“The glass ceiling will go away when women help other women break through that ceiling.”

Indra Nooyi
CEO, PepsiCo. Ltd

I came across the quote above recently, and it got me thinking about the factors that contribute to success – specifically the relationship between support and success. While many of us might agree with the theoretical notion that employees that are supported do better than those that don’t, how many organizations recognize and acknowledge the relationship between support and bottom line success in business? How many organizations make strategic decisions to ensure that supporting others for success becomes a cultural norm?

In my experience, not many. Ms. Nooyi’s business philosophy of creating a workplace community at PepsiCo where employees feel valued and supported to succeed is still very much the exception rather than the rule. However, if PepsiCo’s recently released results are any indication, this is an idea whose time has come.

The traditional business model flows from the foundation of competitive capitalism. It is fundamentally a win/lose model, which is focused on the individual. I am focused on my success. I use power to support my success. I do whatever it takes to get to the top, regardless of who or what I might destroy along the way. Once I am there, I use my power to make sure I stay there. More for me means less for you and vice versa. A decision to support others will be detrimental to my success.

I am not alone in concluding that this is a business model that has outlived its usefulness. We have only to look at the recent global economic meltdown to see the effects of competitive capitalism run amok. Promoting one’s own interest at the expense of others does not promote long term success. Innovative business leaders, Ms. Nooyi among them, are adopting new business models, values based models, and many are shifting from competitive capitalism to conscious capitalism.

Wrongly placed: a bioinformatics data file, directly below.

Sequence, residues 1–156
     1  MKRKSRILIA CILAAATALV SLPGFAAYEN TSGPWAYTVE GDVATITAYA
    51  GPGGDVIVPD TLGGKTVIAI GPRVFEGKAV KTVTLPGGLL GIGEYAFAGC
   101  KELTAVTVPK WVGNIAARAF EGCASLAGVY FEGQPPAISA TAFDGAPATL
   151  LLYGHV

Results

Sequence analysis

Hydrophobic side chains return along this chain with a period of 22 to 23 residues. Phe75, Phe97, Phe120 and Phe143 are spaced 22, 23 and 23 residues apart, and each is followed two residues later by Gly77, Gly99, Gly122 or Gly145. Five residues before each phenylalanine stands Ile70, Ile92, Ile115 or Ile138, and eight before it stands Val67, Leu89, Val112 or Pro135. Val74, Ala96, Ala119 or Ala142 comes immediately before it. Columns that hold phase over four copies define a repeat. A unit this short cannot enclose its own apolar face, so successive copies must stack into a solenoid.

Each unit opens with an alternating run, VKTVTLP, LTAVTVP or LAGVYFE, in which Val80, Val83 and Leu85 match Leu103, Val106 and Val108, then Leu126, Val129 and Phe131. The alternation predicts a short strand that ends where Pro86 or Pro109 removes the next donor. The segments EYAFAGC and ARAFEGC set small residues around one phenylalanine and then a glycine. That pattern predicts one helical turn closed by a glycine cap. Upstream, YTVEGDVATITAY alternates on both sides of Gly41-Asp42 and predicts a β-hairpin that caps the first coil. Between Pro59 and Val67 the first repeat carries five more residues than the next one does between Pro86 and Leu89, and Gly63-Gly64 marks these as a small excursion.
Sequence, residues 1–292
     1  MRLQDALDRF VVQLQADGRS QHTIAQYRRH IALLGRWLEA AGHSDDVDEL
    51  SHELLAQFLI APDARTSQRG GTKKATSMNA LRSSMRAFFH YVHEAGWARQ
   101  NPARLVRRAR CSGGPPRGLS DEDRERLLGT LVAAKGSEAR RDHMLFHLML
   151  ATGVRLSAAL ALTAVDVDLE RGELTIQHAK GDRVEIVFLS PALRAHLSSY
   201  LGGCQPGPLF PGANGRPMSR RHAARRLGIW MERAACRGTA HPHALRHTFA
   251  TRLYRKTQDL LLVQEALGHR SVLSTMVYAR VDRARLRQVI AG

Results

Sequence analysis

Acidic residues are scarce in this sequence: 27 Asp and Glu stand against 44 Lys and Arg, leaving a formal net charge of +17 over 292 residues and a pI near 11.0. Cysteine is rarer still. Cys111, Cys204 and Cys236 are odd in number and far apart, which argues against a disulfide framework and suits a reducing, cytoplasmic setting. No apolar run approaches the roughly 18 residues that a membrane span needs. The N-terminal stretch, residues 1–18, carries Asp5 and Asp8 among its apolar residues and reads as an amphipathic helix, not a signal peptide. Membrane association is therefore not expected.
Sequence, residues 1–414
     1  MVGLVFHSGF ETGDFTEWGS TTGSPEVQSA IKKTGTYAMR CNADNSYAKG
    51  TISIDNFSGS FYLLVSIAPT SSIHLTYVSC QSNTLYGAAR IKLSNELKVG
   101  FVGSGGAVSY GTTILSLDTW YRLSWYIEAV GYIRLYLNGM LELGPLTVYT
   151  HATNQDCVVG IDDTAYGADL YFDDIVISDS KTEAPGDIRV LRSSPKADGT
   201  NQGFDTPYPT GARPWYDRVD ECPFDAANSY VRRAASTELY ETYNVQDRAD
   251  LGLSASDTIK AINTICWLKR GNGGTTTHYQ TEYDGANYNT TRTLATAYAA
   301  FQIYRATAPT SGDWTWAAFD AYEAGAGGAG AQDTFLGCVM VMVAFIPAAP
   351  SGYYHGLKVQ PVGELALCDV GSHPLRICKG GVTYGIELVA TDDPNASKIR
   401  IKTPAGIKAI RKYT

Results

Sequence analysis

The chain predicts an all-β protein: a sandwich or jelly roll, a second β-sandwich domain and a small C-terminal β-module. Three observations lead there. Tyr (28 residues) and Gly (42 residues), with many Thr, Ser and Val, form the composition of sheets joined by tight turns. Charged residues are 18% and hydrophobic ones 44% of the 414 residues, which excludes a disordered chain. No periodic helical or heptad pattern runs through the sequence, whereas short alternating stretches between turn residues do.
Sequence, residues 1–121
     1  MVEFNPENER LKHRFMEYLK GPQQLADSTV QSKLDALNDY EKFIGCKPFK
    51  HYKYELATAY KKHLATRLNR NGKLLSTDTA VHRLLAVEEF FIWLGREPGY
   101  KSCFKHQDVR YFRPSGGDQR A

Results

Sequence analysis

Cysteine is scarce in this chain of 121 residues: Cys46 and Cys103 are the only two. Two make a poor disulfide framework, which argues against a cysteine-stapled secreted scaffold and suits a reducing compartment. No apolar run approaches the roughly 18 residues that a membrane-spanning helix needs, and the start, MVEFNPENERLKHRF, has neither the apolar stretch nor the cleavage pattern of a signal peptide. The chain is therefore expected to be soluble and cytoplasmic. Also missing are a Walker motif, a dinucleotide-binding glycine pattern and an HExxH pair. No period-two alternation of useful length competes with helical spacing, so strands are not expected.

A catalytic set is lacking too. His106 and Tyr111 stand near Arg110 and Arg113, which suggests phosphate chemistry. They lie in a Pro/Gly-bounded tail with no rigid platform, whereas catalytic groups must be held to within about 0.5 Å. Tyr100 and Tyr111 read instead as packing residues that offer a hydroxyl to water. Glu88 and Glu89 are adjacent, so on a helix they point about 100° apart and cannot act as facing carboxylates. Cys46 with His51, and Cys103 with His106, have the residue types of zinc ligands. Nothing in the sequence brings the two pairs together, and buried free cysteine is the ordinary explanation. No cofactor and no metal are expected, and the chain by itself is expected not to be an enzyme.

Conscious capitalism is capitalism that recognizes the power of purpose and the principle of interdependence. It is a business model that shares the philosophy of Me to We, the movement started by Canadian Craig Kielburger – the notion that our own lives improve when we focus on improving the lives of others.

This is a fundamentally respectful business model, one that requires a shift in the way we think about and manifest power in organizations. It is about consciously using our power to support and empower others, a core principle of respectful leadership I describe in Road to Respect.

When we work together in a respectful, open and supportive environment, we can access our collective power to conquer challenges and problems, to break through the “glass ceiling” that may be holding us back. Ms. Nooyi’s respectful leadership style is intended to create a cohesive community of employees and leaders that are willing and interested in working collaboratively and supporting each other to achieve business success. If that is a goal to which your business aspires, start the shift to a respectful workplace culture where the relationship between support and success is recognized and nurtured.